It seemed the answer given by the Chazon Ish was prepared ahead of time. He referred to a well-known Talmudic parable about two camels travelling down a narrow path, one carrying a large burden and the other carrying nothing. According to Halacha, Jewish law, the rabbi explained, the unburdened camel was to make way for the one carrying the burden. The Chazon Ish left no room for interpretation and explained the parable himself: We, the ultra-Orthodox community, bear the burden of the Torah and its commandments. Therefore, the non-religious Zionists must defer to us and move out of our way. Ben-Gurion, not exactly the leader to cower in front of anybody, promptly replied: “And what of the absorption of immigrants? What of security? What of establishing the State? Are these not burdens?”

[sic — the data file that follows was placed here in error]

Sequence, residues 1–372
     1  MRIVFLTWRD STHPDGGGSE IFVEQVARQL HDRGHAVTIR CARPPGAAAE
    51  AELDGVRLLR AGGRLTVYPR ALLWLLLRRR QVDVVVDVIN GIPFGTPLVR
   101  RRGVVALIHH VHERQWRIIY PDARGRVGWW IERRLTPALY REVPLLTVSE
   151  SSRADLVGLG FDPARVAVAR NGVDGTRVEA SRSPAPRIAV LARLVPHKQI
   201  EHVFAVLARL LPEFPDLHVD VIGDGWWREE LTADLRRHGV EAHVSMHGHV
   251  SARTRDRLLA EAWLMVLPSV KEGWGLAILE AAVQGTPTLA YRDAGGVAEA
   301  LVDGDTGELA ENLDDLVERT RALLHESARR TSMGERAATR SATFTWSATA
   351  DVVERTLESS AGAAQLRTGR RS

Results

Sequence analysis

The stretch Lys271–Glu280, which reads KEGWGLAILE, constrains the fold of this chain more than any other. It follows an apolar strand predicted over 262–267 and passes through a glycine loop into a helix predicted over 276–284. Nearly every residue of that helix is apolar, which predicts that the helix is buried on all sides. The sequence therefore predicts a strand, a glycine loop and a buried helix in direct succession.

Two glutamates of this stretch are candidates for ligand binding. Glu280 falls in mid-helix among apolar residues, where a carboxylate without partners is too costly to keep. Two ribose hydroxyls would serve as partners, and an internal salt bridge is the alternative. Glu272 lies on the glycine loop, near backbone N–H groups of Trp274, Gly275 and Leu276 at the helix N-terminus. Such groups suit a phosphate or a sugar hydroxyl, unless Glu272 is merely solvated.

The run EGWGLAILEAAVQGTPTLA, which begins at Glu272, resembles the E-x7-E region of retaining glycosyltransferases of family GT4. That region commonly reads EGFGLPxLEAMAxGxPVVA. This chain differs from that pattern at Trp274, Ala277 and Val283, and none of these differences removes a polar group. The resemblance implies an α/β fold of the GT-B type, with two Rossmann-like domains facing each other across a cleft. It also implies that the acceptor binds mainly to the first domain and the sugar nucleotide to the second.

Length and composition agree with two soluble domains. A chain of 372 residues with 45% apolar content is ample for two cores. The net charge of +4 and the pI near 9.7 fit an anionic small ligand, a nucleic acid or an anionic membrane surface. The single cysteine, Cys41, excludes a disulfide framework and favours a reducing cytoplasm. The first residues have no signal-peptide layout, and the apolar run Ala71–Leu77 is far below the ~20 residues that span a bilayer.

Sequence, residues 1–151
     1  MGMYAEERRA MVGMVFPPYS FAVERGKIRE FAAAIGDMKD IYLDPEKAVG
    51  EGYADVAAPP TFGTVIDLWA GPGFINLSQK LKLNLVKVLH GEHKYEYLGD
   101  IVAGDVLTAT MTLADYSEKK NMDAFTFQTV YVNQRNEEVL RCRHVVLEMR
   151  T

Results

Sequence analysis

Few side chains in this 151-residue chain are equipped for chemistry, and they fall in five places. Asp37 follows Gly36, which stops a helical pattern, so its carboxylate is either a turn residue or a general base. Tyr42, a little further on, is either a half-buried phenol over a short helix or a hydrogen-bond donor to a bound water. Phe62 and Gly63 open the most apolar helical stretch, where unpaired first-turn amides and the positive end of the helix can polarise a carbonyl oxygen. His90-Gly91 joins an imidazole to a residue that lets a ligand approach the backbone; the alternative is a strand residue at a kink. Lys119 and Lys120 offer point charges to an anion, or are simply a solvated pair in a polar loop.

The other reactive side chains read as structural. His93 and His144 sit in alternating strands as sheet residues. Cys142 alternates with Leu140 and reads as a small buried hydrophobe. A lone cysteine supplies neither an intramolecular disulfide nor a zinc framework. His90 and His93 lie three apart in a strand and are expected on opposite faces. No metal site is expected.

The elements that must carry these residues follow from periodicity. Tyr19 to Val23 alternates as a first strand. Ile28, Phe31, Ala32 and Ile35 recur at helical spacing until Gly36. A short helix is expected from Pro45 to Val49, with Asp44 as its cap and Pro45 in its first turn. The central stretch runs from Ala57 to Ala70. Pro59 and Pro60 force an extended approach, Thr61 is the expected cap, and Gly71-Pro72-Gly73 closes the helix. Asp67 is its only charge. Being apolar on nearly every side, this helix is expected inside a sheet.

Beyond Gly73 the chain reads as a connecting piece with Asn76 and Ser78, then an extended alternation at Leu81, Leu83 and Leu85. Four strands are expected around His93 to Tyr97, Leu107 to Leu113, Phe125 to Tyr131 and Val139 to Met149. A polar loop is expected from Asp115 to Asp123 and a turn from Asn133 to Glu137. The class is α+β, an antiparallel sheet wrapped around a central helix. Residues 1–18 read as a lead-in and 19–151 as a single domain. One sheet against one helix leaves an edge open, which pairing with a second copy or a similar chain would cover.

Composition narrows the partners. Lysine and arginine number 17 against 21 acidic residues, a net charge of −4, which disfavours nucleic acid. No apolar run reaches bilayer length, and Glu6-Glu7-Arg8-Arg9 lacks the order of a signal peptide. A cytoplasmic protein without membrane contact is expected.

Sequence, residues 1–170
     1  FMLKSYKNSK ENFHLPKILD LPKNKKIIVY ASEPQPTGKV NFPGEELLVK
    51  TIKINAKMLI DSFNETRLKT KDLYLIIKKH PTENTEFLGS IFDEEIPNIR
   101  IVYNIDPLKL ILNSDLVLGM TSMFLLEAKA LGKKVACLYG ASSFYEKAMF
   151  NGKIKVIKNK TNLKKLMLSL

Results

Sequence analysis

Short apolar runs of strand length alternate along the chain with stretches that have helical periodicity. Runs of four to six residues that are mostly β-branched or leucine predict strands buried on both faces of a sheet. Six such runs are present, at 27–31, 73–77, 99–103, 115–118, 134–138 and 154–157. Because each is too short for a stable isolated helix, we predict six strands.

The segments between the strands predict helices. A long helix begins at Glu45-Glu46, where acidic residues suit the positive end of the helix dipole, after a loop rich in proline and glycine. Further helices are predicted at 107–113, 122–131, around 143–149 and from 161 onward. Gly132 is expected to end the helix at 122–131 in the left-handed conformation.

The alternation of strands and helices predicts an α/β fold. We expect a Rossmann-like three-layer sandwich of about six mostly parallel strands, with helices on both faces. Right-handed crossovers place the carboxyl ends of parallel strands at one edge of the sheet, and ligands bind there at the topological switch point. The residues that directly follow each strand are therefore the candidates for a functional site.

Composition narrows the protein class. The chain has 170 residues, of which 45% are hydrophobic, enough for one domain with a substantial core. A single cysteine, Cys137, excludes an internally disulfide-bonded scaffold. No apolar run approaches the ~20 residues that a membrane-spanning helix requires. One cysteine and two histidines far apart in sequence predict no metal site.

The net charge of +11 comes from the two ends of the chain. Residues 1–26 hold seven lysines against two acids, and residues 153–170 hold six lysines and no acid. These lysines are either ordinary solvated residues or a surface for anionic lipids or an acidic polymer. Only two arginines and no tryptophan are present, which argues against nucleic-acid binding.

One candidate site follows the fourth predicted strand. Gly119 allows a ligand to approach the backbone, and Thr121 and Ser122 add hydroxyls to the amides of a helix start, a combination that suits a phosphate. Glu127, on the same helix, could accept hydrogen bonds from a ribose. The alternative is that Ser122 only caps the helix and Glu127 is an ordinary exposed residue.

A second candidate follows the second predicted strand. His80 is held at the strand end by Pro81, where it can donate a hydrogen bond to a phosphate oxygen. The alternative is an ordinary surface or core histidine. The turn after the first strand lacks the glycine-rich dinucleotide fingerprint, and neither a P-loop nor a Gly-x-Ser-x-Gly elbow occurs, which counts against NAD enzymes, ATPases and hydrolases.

It soon became clear that the two men held completely different views. Though Ben-Gurion acknowledged the grave importance of studying the Bible, he wanted the ultra-Orthodox community to contribute to and become integrated with the state in the making. The Chazon Ish was appalled at what he saw as the desecration of the Sabbath and the Zionist rejection of the yoke of the commandments – the burden of the practicing religious Jew. He believed that recreating the world of the Torah that was destroyed in the Holocaust was the only thing that could save the Jewish people.

At the end of that meeting, the Prime Minister’s Office issued the following press statement:

PM D. Ben-Gurion met privately with Rabbi A. Y. Karelitz (“The Chazon Ish”) in Bnei Brak yesterday. The purpose of the visit was to exchange general views regarding the following issue: How can observant and non-observant (Jews) live together harmoniously in the State of Israel? The question of recruiting women (to the army) was not discussed and the visit had no relation to current political matters.